What happens when a park's best kept secret is kept too quiet?
Residents of Mason Neck came dangerously close to losing the large, outdoor swimming pool at Pohick Bay Regional Park because too few people were using it.
"The pool has seen dramatically declining use since the mid-1990s," said Paul Gilbert, executive director of the Northern Virginia Regional Park Authority. "We've been operating in the red, but fewer people are coming each year."
When the pool was built in the 1970s, it was among the largest on the east coast, Gilbert said. However, as more communities were including neighborhood pools, the need for a large facility decreased.
A few weeks ago, the Northern Virginia Regional Park Authority decided it would be a better idea to close the pool and install an "alternate fixture" than try to keep it open for one more summer, Gilbert said.
The decision was announced by a concerned resident at a recent meeting of the South County Federation, and Supervisor Gerry Hyland (D-Mount Vernon) decided to take action.
"I talked to Mr. Gilbert after the meeting and he got the distinct impression that I was disappointed they wanted to close the pool without any input from the community," Hyland said. "This would have been the first facility the regional park authority had closed and we decided that maybe it wasn't the way they wanted to go."
When the authority met, they decided to give the pool one more year to bring in customers, Gilbert said. If, at the end of the 2006 season, the pool hasn't seen a sizable increase in attendance, the pool may close for good.
In 2005, the park authority spent $117,000 to operate and maintain the pool, but only received about $84,000 in revenue, he said. "There have been losses for years, usually in the $40,000 to $50,000 range," and it has become less and less appealing to open the pool for the summer season, Gilbert said.
LAST WEEK, Gilbert met with a group of residents from along Mason Neck to discuss ways to promote the pool and encourage more people to visit, he said.
"Most of the people I met with agreed that they wanted to help work to make this pool successful," Gilbert said. "I think there will be a good faith effort to turn things around. At the end of the summer, we'll have another choice to make."
The pool, with a blue and white tile pattern and scalloped edges, is not the small "kiddy pool" typically associated with camping facilities, Gilbert said.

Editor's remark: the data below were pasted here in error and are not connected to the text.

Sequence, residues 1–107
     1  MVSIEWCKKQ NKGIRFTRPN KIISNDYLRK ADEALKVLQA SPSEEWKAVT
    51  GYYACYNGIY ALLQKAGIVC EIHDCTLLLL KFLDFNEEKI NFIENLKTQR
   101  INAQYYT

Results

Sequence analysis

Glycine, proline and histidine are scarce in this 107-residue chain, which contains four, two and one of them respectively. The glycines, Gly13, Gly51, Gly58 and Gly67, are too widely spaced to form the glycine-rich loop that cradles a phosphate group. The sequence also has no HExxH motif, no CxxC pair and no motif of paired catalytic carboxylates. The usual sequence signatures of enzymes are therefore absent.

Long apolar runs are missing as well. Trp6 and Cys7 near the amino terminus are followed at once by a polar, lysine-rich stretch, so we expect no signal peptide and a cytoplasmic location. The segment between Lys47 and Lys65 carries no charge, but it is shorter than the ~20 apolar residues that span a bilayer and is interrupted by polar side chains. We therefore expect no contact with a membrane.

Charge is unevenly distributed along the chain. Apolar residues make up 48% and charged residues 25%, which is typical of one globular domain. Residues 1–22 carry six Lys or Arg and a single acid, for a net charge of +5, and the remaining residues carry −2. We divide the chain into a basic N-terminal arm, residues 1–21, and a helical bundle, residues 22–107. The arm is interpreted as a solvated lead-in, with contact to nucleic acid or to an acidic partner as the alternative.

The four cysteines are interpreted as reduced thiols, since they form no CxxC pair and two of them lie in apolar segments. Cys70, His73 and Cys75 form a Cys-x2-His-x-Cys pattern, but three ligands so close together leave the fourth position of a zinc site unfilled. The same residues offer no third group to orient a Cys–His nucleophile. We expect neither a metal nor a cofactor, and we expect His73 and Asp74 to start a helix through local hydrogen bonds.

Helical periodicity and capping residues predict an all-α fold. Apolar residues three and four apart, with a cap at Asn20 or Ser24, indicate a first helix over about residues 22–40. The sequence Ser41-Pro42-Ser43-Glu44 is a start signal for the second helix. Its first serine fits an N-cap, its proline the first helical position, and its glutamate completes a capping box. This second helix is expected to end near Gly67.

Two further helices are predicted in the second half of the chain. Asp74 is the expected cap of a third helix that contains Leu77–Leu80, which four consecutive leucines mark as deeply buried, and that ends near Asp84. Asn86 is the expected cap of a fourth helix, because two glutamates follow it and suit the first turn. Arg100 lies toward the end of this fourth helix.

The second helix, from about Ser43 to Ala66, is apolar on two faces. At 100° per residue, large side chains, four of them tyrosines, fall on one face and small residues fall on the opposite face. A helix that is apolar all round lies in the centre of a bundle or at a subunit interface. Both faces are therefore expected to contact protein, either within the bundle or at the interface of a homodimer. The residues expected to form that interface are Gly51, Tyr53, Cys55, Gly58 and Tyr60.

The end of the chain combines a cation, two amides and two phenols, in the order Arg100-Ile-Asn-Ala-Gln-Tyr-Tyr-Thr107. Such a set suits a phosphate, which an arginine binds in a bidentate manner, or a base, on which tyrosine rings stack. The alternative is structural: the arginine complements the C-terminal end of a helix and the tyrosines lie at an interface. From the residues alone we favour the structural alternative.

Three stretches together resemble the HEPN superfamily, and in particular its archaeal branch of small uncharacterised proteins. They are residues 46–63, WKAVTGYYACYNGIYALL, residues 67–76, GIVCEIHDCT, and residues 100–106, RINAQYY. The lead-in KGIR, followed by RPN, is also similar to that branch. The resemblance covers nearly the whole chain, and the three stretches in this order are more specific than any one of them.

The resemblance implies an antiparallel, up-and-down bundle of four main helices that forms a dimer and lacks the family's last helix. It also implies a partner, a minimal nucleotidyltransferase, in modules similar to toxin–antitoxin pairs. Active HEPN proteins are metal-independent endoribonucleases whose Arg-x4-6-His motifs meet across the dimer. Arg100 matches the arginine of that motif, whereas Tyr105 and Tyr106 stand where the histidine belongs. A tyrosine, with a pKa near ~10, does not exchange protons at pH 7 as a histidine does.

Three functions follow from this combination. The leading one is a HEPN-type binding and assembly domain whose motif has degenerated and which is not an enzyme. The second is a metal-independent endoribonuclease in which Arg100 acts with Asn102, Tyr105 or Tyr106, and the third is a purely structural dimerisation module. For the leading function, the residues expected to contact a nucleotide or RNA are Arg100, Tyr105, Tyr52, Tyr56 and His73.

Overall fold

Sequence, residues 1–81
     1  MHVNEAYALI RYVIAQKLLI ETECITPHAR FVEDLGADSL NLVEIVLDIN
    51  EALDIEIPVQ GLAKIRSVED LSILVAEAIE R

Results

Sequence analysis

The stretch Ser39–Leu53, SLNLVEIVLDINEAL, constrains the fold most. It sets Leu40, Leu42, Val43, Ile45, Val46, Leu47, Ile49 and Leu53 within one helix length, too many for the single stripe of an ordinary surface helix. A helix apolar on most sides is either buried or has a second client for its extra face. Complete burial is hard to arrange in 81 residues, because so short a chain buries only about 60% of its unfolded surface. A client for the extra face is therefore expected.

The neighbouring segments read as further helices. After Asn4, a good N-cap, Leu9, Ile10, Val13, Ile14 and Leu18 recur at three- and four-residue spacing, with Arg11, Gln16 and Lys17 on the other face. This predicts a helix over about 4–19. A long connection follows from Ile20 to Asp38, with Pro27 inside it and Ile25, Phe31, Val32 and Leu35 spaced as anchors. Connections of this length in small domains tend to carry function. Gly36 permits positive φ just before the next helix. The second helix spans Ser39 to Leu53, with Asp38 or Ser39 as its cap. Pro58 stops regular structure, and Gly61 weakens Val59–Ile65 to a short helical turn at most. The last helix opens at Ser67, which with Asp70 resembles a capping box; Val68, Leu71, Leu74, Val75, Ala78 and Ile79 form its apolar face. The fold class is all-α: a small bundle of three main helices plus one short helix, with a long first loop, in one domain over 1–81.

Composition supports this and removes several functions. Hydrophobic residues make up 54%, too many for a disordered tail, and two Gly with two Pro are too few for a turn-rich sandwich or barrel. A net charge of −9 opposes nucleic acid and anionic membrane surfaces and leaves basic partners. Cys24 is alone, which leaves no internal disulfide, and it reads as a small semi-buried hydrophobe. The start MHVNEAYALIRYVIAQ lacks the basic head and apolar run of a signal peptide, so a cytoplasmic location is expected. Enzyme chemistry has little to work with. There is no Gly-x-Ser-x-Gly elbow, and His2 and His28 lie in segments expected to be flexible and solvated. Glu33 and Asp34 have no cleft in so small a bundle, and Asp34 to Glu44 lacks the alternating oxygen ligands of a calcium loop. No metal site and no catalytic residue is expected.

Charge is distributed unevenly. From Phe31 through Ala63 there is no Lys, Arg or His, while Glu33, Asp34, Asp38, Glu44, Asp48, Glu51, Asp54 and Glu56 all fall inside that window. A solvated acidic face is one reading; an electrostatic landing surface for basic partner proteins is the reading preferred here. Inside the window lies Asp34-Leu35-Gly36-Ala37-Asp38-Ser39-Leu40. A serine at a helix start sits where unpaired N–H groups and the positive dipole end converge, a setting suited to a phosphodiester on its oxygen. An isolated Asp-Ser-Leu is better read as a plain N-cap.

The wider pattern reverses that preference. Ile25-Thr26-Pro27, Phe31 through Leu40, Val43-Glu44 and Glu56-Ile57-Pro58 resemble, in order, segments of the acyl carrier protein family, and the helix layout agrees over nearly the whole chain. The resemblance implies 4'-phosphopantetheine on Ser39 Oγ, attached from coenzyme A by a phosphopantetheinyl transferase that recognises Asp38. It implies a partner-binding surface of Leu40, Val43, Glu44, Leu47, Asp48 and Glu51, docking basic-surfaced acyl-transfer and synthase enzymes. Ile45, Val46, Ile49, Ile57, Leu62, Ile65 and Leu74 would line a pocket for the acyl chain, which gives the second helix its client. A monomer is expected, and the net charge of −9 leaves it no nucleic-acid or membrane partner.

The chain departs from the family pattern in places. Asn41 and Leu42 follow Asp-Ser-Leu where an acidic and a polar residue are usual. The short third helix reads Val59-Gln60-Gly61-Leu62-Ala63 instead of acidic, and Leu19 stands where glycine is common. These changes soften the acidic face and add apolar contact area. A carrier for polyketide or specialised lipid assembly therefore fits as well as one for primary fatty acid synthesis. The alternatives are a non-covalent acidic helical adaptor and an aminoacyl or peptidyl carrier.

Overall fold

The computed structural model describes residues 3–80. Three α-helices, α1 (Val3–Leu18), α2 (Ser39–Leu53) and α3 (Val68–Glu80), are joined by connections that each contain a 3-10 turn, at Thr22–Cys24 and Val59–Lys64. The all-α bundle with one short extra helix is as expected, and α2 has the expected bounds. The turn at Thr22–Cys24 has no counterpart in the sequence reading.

"This pool was built to serve a larger area because there were fewer community pools back then," he said. "Unfortunately, it's sort of tucked away out of the public eye."
As part of the efforts to save the pool, Gilbert said he and the residents he met with are hoping to offer some incentives to encourage people to visit this summer.
"We're hoping to get more materials sent out by the schools to let parents know we're here," Gilbert said.
In addition, for this summer, seasons for the pool will be sold at a discounted rated. There are season passes that include all pools in the Northern Virginia Park Authority domain for $80, which include use of the Cameron Run water park, he said. Additional passes would be $70 each for members of a family or large group.
Another option would be a pass that would allow someone to visit all the pools except Cameron Run. The first season pass would cost $72 and each additional pass would be $50, Gilbert said.
For those people who just want to visit the Pohick Bay pool, an unlimited season pass would cost $50 for one pass, $40 for each additional pass for family members, he said.
"That's the best rate we've offered since we opened, which we typically offer to homeowner's associations," he said. "We want to make it available to anyone that wants to buy one."
Individual day passes can be purchased at the park, with rates of $5.25 for adults, $4.75 for children ages four through 12 and $4.25 for senior citizens, he said.
Gilbert said he hopes more signs, in addition to the reduced prices for passes, will encourage people to visit the pool.
"Having a pool in this park is a great amenity," he said. "In this case, it's one that has not been used by the public as much as it needs to in order to be viable."
WHEN SHE HEARD the pool was closing, Fairfax Station resident Teresa Champion said she was surprised.
"I didn't even know there was a pool there," said the mother of two young children. "I've been to the park with scouting events and I had no idea the pool existed."
Champion said she remembers taking swimming lessons at outdoor pools as a child and would like to give her children the same option, now that she knows it's available.
"I think it's a great option for families, especially if it's affordable," Champion said. "If you go to a location where you can only have swimming lessons, you have to go somewhere else for any other activities. This is so much easier."
She hopes the park authority employees will take it upon themselves to visit homeowners associations and community groups to get the word out about the pool.
"People talk about the lack of public amenities like this," she said. "If they want people to come there, they need to know it's available."
Hyland agrees keeping the pool open would be beneficial to the community.
"This is a facility that would be used by others if they knew it existed," Hyland said. "I really hope we can find a way to keep it open."